"The three biggest components of the 11% total revenue growth were the retail upgrades, the sales of the Surface [RT tablet] and then multi-year licensing agreements within enterprises," said Klein in the question-and-answer part of the earnings call.
Klein also admitted what he called "some tailwind" from sales of Windows licenses -- presumably Windows 8 licenses to computer makers known as OEMs for "original equipment manufacturers" -- that have been installed on new machines that remain unsold.
"There was some tailwind from inventory, which was ... within the healthy range that we typically see," said Klein. "But the three big impacts, all up, on the Windows revenue were the retail upgrades, sales of Surface and the enterprise annuity business."
O'Donnell was skeptical, and believed that the "tailwind" Klein downplayed was really the driving factor in Windows' revenue upswing.
"Our sense is that the [OEM] build [numbers] going into Windows 8 were relatively high, and that there is a lot of remaining inventory because sell-through was relatively modest," said O'Donnell, echoing other analysts who argued that fourth-quarter PC sales were sluggish at best. "They sold more [licenses] than OEMs needed."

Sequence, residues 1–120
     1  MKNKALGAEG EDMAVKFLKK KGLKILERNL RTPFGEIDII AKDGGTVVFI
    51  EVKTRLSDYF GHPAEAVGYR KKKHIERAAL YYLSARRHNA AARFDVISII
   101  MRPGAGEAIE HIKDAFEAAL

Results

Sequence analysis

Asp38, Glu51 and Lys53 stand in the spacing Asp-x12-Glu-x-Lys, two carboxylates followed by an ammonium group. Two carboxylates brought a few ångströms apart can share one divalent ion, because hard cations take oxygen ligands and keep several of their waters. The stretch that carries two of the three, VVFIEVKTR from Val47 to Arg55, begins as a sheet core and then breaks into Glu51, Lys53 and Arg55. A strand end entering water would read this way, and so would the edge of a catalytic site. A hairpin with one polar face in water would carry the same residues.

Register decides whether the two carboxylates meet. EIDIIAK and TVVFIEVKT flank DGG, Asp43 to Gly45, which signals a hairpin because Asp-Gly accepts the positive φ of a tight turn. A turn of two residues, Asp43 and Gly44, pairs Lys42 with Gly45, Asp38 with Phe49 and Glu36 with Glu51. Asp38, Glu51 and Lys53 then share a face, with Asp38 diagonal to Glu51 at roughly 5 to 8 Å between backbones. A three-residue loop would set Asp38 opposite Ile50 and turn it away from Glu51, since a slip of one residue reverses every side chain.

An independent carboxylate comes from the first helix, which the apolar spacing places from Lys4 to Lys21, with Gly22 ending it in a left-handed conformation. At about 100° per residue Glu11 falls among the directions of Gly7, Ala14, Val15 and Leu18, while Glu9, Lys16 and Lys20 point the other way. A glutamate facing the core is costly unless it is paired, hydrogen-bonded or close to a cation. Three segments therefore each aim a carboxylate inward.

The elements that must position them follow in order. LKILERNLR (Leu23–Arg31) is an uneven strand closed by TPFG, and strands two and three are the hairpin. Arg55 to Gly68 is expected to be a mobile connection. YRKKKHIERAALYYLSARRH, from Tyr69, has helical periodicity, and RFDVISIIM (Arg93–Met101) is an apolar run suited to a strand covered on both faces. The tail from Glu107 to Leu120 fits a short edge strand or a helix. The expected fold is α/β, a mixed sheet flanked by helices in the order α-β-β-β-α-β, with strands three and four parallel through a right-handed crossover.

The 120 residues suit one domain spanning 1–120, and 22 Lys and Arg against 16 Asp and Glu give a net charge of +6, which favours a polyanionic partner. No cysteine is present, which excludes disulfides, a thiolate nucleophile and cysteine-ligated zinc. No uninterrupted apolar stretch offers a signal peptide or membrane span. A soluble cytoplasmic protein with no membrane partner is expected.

Moorhead wasn't buying it.
"This isn't just inventory sitting out there," Moorhead countered. "That's not what's coming out of my discussions with OEMs or retailers. [Such large inventories] would be a monumental collapse if you think about it. You just can't sit on that much revenue."
Instead, said Moorhead, he put his money on Klein's mention of increased sales of volume license agreements to enterprises, which Microsoft said had climbed by double digits.
"The big boost in revenue is coming from Windows 7, from very large deals that Microsoft does with enterprises," said Moorhead. "That's the only way you can explain [the 11% increase in revenue]."
He discounted Surface RT sales for the revenue boost, pointing to the limited distribution for the tablets during much of the quarter, and a lackluster response by customers.
Microsoft did not disclose sales for the Surface RT last week.
Pumping up volume license sales would be relatively easy for Microsoft, Moorhead noted. Because those deals involve intangible goods, all Microsoft would have to do, he argued, was offer customers better-than-usual terms to get them to sign on the dotted line.
Neither analyst commented on another of Klein's explanations for the Windows revenue increase, Windows 8 upgrades. But those upgrades may have played a bigger part than most realize.